Towards a Eurosiberian Strategic Doctrine
by Guillaume Faye
Guillaume Faye suggests Europeans should shift from being NATO’s pillar to dismantling it, favouring a Russian alliance and forming an integrated military union with the EU, Eastern Europe, and the Russian Federation.
Our future strategic doctrine is clear. Here are its principal axes:
Europeans need to form a land army, made up of native Europeans and adequate to fighting a possible religious-ethnic civil war. But is this possible with the professionalisation of the military and the abandonment of conscription? Everything depends on the criteria used to select recruits. The stakes are high. The massive presence of non-indigenous elements within the present armed forces makes them a possible fifth column.
Europeans need to develop an autonomous nuclear capacity, complete with full tactical and strategic assets. Given that nuclear arms are credible only when there’s a unity of decision-making behind their possible use, there will have to be a common sovereignty, and if this is not possible, then France and Russia will have to assume a ‘defensive and deterrent pact’ for Europe, like the present American nuclear umbrella. Since Great Britain is not an independent nuclear power, but a U.S. appendage, it will have to be excluded from such a pact.
Because a Russian alliance is preferable to an American alliance, Europeans need to stop seeing themselves as ‘the pillar of NATO’ and start dismantling NATO for the sake of an integrated military alliance (including the defence industry) that links the EU, Eastern Europe, and the Russian Federation. As the strategic prelude to Eurosiberia, this geopolitical vision of ‘armed neutrality’, perfectly anti-imperialist and defensive, corresponds to the ‘giant hedgehog’ doctrine that Robert Steuckers has formulated in his many geopolitical writings. Quite simply, we need to form a new Warsaw Pact, from the Atlantic to the Pacific!
Threatened by Islam and the South and by the U.S., Eurosiberia has a long-range interest in forming military and economic alliances with China and India, for they too have the same enemy as us: Islam.
Again, in the long-term, a future Great-European diplomacy will need to persuade the Americans that they are on the wrong path in allying with Islam and the South, and in playing their anti-European card. Even in their own strategic terms, they will not always be a thalassocratic superpower. From a visionary historical perspective, it would seem that their vocation is to return to the bosom of their motherland, Great Europe. This would be like the return of the prodigal son, as European-Americans finally realise the error of their secession. But that’s something for the day after tomorrow.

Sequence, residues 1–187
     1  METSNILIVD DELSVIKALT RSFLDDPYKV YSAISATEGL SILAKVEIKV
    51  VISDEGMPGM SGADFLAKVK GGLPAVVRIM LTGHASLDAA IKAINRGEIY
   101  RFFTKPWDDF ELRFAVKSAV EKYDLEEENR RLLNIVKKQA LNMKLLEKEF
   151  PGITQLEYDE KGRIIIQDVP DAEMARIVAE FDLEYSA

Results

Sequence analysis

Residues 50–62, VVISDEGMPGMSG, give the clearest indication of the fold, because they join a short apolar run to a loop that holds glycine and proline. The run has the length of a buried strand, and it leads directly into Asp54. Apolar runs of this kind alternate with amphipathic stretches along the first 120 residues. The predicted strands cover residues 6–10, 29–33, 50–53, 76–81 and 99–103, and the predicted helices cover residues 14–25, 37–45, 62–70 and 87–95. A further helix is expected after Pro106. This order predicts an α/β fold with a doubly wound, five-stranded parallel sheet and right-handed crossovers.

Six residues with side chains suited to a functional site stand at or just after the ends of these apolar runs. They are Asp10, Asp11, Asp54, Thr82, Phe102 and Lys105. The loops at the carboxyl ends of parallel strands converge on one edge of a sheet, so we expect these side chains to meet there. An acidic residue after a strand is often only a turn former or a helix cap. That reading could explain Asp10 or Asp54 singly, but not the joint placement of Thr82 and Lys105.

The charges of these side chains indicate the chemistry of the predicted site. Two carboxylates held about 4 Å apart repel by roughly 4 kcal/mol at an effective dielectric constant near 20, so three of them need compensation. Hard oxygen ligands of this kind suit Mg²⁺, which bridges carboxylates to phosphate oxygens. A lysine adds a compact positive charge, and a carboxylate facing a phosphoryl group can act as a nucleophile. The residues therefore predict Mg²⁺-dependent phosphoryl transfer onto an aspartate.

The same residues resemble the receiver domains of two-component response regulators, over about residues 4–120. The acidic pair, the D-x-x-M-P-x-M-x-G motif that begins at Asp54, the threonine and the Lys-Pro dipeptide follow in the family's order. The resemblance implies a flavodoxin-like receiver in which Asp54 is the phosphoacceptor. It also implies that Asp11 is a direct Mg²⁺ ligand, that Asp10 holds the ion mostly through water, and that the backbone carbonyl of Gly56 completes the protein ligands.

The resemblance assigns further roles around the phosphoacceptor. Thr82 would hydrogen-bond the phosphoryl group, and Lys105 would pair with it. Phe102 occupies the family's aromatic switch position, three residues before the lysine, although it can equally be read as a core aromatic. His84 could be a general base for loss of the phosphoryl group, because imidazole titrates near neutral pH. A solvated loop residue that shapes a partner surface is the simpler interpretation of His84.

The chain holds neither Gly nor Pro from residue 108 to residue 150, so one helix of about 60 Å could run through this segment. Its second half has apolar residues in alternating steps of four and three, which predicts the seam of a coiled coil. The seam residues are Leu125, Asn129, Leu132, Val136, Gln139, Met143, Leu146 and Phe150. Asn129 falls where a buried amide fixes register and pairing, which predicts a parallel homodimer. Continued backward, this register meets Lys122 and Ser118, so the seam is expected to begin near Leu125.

Good relations with the Arab-Islamic world cannot but take the form of an armed peace that never lowers its guard. The sine qua non of such a condition will entail the end of its colonisation of Europe. As the Qur’an says, Islam needs ‘to put down its hand to avoid having it cut off’. It won’t do this if there’s a sword in its hand. The idea of a ‘European-Arab Mediterranean alliance’ based on allegedly common interests is a fool’s errand, without any historical or economic basis. Europe has no need of Africa or the Middle East, which are a drag on her, a financial, economic, and human burden, and increasingly a menace. Russia is overflowing with oil, gas, and nearly inexhaustible uranium mines. It’s toward the East, toward the rising sun, that we must turn.
Our future strategic doctrine is clear. Eurosiberia will have need of no one. It would threaten no one, and no one would be able to threaten it. ‘At the European level’, as Pierre Vial puts it in Une Terre, un people (One Land, One People), page 134, ‘Europe’s objective is to form a Eurosiberian union, an imperial confederation, based on military, diplomatic, monetary, and commercial competencies, constituting a vast market in the form of a self-centred space. Capable of showing its teeth whenever necessary, such a giant power would be able to convince the other continental blocs to give up their colonising schemes — doing so without excluding the possibility of establishing bilateral relations that would serve each of their interests.’ This says it all, for only in this way can humanity’s great civilisations, all conserving their distinct identities, cooperate to preserve the common human heritage of this planet we call ‘Earth’.
Eurosiberia is obviously a long-term perspective. A heartland to hold, an objective comparable to a ship sailing toward its destination, to the inspiration of pioneers conquering an unknown land. Such a Grand Political perspective will undoubtedly make myopic ‘specialists’ and bourgeois politicians (always fooled by history) turn away in fright. As yet we still don’t know how we’re going to realise this great Eurosiberian project, which will entail a true metamorphic — and archeofuturist — renaissance of the ancient European idea of Empire. The road will be difficult — and stodgy intellectuals, as well as ‘realistic’ politicians, will never cease objecting to it — like sailors refusing to take to the sea because of an unfavourable wind.
Evoking a future historic alliance between Europe and Russia, Gorbachev, the visionary, spoke of ‘constructing our Common House’.
The above text is an excerpt from Guillaume Faye’s Why We Fight (Arktos, 2011). If you liked this selection, be sure to check out the whole book.